As the state marks three million COVID-19 tests since January, the NSW Government is calling on the community to continue to work together to fight the deadly virus.
Premier Gladys Berejiklian said reaching three million tests was a major milestone in the State’s fight against COVID-19.
“I want to thank everyone in NSW who has come forward to be tested – three million COVID-19 tests is an incredible result,” Ms Berejiklian said.
“As we ease restrictions, it is critical that we maintain our high rates of testing which has been central to our success in limiting the spread of the virus and keeping NSW open.”
Health Minister Brad Hazzard warned that while recent easing of restrictions is very welcome, it comes with risks and it is critical everyone keeps getting tested.
“This is a stealthy virus and if we give it an inch, it will take a mile and undo a lot of good work,” Mr Hazzard said.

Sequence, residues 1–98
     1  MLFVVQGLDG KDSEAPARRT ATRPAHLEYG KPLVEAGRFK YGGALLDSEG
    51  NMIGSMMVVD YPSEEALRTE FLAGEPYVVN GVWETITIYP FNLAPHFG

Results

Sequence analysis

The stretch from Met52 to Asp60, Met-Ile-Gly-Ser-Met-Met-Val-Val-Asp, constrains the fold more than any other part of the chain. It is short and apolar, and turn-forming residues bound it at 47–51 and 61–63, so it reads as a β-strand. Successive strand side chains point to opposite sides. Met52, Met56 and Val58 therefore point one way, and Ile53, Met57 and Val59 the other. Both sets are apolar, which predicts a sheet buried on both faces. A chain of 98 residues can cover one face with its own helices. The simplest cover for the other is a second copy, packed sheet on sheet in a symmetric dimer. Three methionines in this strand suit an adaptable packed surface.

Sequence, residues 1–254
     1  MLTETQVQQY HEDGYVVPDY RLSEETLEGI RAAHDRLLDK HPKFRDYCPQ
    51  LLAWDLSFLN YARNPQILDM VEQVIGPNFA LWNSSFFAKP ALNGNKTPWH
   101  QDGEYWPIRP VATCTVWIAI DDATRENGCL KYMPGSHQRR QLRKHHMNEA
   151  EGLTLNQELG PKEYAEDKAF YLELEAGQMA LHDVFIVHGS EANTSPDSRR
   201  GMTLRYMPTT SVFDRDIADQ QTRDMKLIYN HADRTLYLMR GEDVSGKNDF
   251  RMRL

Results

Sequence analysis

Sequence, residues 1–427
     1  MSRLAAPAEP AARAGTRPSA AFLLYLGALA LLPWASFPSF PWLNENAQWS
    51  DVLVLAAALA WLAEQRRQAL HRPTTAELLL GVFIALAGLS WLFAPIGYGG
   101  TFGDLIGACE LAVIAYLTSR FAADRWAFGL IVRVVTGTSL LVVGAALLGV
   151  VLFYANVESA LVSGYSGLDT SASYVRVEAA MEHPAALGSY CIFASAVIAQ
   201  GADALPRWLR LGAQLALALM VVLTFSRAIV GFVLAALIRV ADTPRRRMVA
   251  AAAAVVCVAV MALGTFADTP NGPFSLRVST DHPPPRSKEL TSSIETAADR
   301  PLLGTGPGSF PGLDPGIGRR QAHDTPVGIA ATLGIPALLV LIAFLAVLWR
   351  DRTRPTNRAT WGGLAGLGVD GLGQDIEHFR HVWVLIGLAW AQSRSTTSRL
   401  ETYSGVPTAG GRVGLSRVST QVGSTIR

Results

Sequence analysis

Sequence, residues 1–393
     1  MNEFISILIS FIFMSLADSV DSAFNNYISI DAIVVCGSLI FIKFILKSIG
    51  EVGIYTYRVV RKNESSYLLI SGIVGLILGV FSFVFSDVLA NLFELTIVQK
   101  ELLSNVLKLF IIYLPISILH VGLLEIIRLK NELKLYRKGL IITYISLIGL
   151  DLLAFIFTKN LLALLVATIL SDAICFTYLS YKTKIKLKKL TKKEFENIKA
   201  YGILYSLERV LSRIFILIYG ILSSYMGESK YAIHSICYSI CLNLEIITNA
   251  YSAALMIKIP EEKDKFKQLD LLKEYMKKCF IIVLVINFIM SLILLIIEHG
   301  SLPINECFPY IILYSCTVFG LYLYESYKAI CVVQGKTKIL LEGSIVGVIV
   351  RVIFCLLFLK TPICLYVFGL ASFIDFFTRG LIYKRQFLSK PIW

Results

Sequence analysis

“The community response to COVID-19 has been fantastic and I thank the people of NSW for their efforts and sacrifices during the past nine months, which have put us in a position where we have been able to ease restrictions.
“We hope to be able to continue to ease restrictions in the weeks and months ahead, but this depends on us being successful in minimising community transmission.”
As at 8pm on October 26, 3,000,641 COVID-19 tests had been performed on 2,247,101 people in NSW. Of those people tested, 63.7 per cent had a single test and 36.3 per cent had more than one test, with 1.16 per cent having more than five tests.
NSW Chief Health Officer Dr Kerry Chant said it was critical that people continue to come forward for testing and practice COVID-safe behaviours when out and about and catching up with family and friends.
“When we have high numbers of people continuing to get tested, that allows us to detect cases in the community earlier and prevent onward transmission,” Dr Chant said.
“Get tested at the first sign of even the mildest of symptoms, wash your hands regularly, physically distance and wear a mask when using public transport and in places where you can’t physically distance.
“We have been able to get the recent clusters under control with the support of the community, but their emergence shows that the risk of a resurgence of cases in NSW remains very real.”